Subject Classification: 30.20; 28.60.
57(1975); http://dx.doi.org/10.1121/1.380516View Description Hide Description
The parabolic equation method for the solution of the elliptic Helmholtz equation in a waveguide is analyzed in terms of normal modes and is found to involve two approximations. The approximate treatment of mode coupling becomes exact in the limit of negligible scattering into the backward hemisphere. The approximate treatment of mode propagation becomes exact in the limit of uncoupled, single‐mode propagation. An estimate of the maximum range over which multimode propagation is accurately predicted is derived and a procedure is indicated whereby this maximum range can be increased. The result is a method, based on the parabolic equation approximation, whereby the Helmholtz equation can be solved as an initial value problem. The solution obtained approaches the exact solution in the limit of negligible backscatter. Application is considered to the problem of acoustic propagation in an ocean medium having range‐ and depth‐dependent properties.
Subject Classification: 30.20.
57(1975); http://dx.doi.org/10.1121/1.380517View Description Hide Description
Sound speed is assumed to be a function of one horizontal coordinate and depth, and the medium is taken to be time independent during a sound transmission. Rays are assumed to lie in a vertical plane and a differential equation is given for their solution. A perturbation technique is presented for determining the rays, and is applied when the horizontal sound‐speed variation is slow and much less than the vertical variation. Under appropriate assumptions, ray arcs above the SOFAR axis are found to be approximately elliptical, and a modified Snell’s law is given. The sound speed is taken to be bilinear with depth, with the upper portion pivoting with range, thereby approximating the effect of a single‐frequency internal wave. Numerical examples of SOFAR ray geometry are presented and interpreted for various internal‐wave phase angles and wavelengths. The sound speed near the source has a major effect on geometry, even at long range. However, variations in geometry along the ray suggest the importance of horizontal sound‐speed changes over the entire propagation range.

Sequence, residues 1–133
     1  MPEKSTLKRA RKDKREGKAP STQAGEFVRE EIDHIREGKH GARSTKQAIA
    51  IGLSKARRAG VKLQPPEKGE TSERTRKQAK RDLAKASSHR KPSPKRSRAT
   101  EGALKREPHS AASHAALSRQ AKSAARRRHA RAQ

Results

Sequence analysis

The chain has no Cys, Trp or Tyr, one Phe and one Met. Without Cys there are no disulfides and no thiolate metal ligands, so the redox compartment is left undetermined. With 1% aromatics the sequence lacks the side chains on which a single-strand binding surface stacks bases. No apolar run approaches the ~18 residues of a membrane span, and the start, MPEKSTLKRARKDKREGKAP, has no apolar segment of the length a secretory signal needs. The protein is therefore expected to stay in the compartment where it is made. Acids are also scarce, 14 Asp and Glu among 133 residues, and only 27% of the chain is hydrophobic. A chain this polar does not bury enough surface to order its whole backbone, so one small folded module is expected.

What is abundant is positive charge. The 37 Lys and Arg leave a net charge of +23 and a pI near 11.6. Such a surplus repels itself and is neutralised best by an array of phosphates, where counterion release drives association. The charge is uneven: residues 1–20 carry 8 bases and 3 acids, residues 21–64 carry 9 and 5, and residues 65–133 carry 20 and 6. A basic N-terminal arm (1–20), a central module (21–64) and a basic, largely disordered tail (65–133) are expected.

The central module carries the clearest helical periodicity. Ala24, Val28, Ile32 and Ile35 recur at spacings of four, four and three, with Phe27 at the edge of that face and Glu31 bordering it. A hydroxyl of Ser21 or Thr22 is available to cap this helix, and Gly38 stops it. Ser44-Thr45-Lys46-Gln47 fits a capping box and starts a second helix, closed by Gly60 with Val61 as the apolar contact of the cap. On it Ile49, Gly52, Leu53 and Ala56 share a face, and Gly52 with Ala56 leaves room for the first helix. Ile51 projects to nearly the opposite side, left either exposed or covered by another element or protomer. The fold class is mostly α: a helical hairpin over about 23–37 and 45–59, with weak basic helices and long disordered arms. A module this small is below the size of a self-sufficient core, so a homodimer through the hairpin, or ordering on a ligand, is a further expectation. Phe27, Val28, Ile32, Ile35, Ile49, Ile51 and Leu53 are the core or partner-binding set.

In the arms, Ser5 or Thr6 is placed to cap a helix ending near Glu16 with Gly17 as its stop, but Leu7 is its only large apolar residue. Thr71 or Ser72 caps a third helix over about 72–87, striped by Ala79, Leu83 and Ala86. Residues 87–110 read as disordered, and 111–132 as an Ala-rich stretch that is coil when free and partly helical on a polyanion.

Subject Classification: 30.20; 20.25.
57(1975); http://dx.doi.org/10.1121/1.380525View Description Hide Description
In a stratified oceanmodel, in which the sound speed and density become constant as the depth coordinate becomes infinite, the pressure field can be represented as a finite sum of modes plus an integral superposition of modes. This later contribution is given by an integration around a branch cut. In this analysis the sound‐speed and density profiles are partitioned in layers such that in each layer the square of the index of refraction can be approximated by a straight line and the density by a constant. The profile is terminated in a high‐speed isovelocity half space. Using this profile, it is possible to express the depth‐dependent portion of the pressure field in terms of Airy functions. Evaluation of the modal and branch line contributions shows that the branch integral can contribute significantly to the pressure field over a range equal to at least one water depth and in some cases to many water depths.
Subject Classification: 30.20, 30.25.
57(1975); http://dx.doi.org/10.1121/1.380526View Description Hide Description
This paper presents the results of an experimental investigation of several passive sonar targets of the types used for calibration, marking, and tracking. Targets studied include spheres, spherical lenses, triplanes, icosahedrons, biconics, and some composite types designed to have specific frequency responses. It is concluded that, of the targets investigated, only the accurately made sphere and spherical lens are suitable for use as calibration standards under the condition of the target being supported by a flexible line. The various corner reflector configurations are suitable for marking, navigation, and tracking. The feasibility of designing passive targets with a specified frequency response is demonstrated.
Subject Classification: 30.30, 30.50.